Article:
The inaugural NOLA Crawfish Festival runs during the days between Jazz Fest, from April 25th through the 27th. The fest brings together all the elements of a perfect party: Awesome music, delicious food and plenty of refreshing beer. With music fans everywhere descending on New Orleans for beloved music festival, the city is gearing up to show the world why it’s known as one of the greatest places to party on the planet. While there’s no shortage of fun to be had during Jazz Fest itself, there is a three day lull in between weekends that cried out for a party, and those pleas were answered by the NOLA Crawfish Festival. Situated in the “Daze Between,” the Monday, Tuesday and Wednesday when Jazz Fest is resetting itself, the NOLA Crawfish Festival is giving local fans and visitors to the Crescent City alike a way to let the good times keep rolling.Here’s the top five reasons why you shouldn’t miss out on this incredible opportunity for a once-in-a-lifetime combination of authentic New Orleans tunes, food, friends and fun.1. The MusicThe musical legacy of New Orleans will be on display for all three days of the NOLA Crawfish Festival, with appearances by local legends like The Meters George Porter Jr., Dumpstaphunk‘s Ivan Neville, Anders Osborne, The Radiators’ David Malone, Papa Mali, Papa Gros and many more in a series of incredible, once-in-a-lifetime jam sessions. Gathering so many gifted improvisers together and turning them loose guarantees that, wherever the music flows, the players will be ready for whatever they throw at each other. There are also a few of Nawlins stalwart bands on the bill, including Billy Iuso & The Restless Natives, Honey Island Swamp Band, Colin Lake, Mike Zito & The Wheel, and Johnny Sansone who will be delivering sets of home grown funk to the lucky attendees. 2. The FoodThe NOLA Crawfish King himself, Chris “Shaggy” Davis, will be on hand to feed the crowd with his world famous crawfish boil. No stranger to music events, Shaggy has earned a reputation as the “Go to” source for anyone who wants to bring the spirit of New Orleans to their shows across the country. Ever since a fortuitous accident brought him to the city decades ago, Shaggy has worked to unite the community through his lovingly prepared boil. Using the freshest ingredients and an on-site boiler system, Shaggy will be overseeing the preparation of thousands of pounds of tasty crawfish and fixings for the crowd. The best part? The incredible feast is included in the ticket price, and you’ll find yourself bellying up to the buffet tables next to fellow fans and musicians alike.NOLA’s Crawfish King Is Cooking Up A Whole New Festival3. The BeerThanks to the NOLA Crawfish Festival host, the NOLA Brewery, there’s no worries about running out of tasty beverages to wash down all that scrumptious crawfish boil. The NOLA Brewery has earned a strong reputation for crafting a wide selection of year round offerings like ales, IPAs, stouts and special, seasonal concoctions that reflect the ingredients available during the different stages of the year. To help wash down all the wonderful food, there’s nothing better than an ice cold, hand crafted beer, and The NOLA Brewery is even crafting a special, limited edition signature brew to help wash down all the wonderful food that crowds will enjoy.4. The LocationThe city itself is more than just a backdrop for the NOLA Crawfish Festival; its laid back demeanor and round-the-clock celebration is the very ground on which the event is built. New Orleans is a hodgepodge of building styles that reflects the diverse heritage of its citizens. Countless homegrown legends have emerged from the Crescent City in nearly every genre, from funk to jazz to rock and beyond. And of course, there’s the city-wide commitment to gather together for practically any excuse to party at the drop of a hat! 5. The TimingThe saddest sounds you’ll ever hear in New Orleans during Jazz Fest are always the last notes of the night. The three days in-between the official event weekends usually leaves diehard music fans adrift during the daytime hours, with nothing to feed their cravings until the night-time shows. With the arrival of the NOLA Crawfish Festival, those three days are a shining oasis of revelry.With all the wonderful reasons to attend, it’s hard to imagine a better way to spend the days between Jazz Fest weekend than listening to some of the finest in New Orleans music, bellying up to tables laden with some of the best crawfish boil in the world, and washing it down with a variety of locally made craft beers. With the addition of the NOLA Crawfish Festival to the Jazz Fest season, it’s possible to spend ten straight days going around the clock in a magical musical marathon. Join the fun and get your tickets while they last HERE.You can enter to win tickets below!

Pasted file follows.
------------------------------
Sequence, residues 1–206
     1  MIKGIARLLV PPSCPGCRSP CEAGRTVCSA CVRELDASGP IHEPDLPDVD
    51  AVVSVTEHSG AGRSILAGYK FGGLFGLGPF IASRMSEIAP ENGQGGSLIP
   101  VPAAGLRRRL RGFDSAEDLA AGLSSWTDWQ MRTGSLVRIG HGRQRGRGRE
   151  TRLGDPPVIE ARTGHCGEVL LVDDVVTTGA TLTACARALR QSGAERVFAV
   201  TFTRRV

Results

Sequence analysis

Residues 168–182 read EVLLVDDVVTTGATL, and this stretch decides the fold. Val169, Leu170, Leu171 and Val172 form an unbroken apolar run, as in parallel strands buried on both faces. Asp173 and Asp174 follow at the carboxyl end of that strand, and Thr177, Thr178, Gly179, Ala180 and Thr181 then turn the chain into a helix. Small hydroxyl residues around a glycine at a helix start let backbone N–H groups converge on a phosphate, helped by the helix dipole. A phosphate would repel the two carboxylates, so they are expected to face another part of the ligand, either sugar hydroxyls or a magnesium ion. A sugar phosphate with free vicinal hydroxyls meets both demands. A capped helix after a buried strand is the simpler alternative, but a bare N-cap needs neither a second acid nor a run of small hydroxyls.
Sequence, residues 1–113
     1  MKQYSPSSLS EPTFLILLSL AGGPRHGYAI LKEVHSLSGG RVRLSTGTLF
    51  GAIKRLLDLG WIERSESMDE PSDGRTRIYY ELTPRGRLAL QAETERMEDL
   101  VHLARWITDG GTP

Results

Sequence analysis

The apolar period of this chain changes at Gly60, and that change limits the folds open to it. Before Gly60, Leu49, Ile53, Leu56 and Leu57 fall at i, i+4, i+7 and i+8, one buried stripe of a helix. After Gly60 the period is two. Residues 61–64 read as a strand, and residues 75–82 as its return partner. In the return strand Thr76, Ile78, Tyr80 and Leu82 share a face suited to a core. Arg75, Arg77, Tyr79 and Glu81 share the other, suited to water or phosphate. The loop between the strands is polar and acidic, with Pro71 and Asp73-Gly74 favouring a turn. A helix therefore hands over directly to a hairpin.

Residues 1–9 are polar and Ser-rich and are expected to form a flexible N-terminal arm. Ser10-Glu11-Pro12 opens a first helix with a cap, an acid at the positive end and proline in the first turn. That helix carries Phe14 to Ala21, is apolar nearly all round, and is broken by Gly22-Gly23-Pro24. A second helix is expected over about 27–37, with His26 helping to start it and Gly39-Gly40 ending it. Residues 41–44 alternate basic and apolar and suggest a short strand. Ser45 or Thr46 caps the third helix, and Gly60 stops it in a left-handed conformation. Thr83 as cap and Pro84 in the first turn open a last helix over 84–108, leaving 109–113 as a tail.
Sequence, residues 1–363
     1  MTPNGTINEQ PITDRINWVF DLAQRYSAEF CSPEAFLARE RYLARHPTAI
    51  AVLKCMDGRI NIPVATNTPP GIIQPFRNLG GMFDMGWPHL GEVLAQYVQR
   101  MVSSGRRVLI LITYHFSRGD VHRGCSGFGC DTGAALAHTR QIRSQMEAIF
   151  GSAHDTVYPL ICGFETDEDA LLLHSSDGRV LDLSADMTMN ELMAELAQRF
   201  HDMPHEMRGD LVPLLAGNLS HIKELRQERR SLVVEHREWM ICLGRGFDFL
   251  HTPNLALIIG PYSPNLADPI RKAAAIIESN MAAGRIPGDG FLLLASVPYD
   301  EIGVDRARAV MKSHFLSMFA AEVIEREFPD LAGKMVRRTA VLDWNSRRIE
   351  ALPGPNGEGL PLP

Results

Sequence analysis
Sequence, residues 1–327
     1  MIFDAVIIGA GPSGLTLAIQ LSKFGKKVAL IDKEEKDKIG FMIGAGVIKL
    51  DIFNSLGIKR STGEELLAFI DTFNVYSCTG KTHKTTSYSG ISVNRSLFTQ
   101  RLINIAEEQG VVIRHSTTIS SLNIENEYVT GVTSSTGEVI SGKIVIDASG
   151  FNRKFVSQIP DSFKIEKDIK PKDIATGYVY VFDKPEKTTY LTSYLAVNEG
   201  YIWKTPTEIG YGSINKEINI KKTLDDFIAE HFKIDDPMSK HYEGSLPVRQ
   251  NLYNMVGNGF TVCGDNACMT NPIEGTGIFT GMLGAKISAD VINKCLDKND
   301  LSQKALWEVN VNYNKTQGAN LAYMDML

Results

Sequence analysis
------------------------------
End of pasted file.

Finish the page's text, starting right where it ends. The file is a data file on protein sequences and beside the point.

The Office for the Arts at Harvard (OFA) and the Council on the Arts at Harvard, a standing committee of the Faculty of Arts and Sciences, have announced the recipients of the annual undergraduate arts prizes for 2011.The awards, presented to more than 100 undergraduates over the past 28 years, recognize outstanding accomplishments in the arts undertaken during a student’s time at Harvard.The 2011 OFA student prize award winners follow:Charlie Albright ’11 is the recipient of the Louis Sudler Prize in the Arts. The prize recognizes outstanding artistic talent and achievement in the composition or performance of music, drama, dance, or the visual arts. This prize honors the sum of a student’s artistic activities at Harvard.Julia Rooney ’11 and Katherine Tygielski ’11 are recipients of the Council Prize in Visual Arts. The prize recognizes outstanding work in the field of visual arts.Liz Krane ’11 received the Louise Donovan Award. The award recognizes a Harvard student who has done outstanding work behind the scenes in the arts (e.g., as a producer, accompanist, set designer, or mentor and leader in the undergraduate arts world).Bridget Haile ’11 is the recipient of the Radcliffe Doris Cohen Levi Prize. The prize recognizes a Harvard College student who combines talent and energy with outstanding enthusiasm for musical theater at Harvard and honors the memory of Doris Cohen Levi, Radcliffe ’35.Kevin Shee ’11 and Elizabeth Walker ’11 are recipients of the Suzanne Farrell Dance Award. Named for the acclaimed dancer and former prima ballerina of the New York City Ballet, the prize recognizes a Harvard undergraduate who has demonstrated outstanding artistry in the field of dance.Garrett McEntee ’11 is the recipient of the Alan Symonds Award. The award, administered by OFA and given by the Harvard-Radcliffe Gilbert & Sullivan Players (HRG&SP) in honor of Alan Symonds, HRG&SP alumnus and former technical director for Harvard College Theater, recognizes outstanding work in technical theater and commitment to mentoring fellow student technicians.For more on the prize winners and their achievements.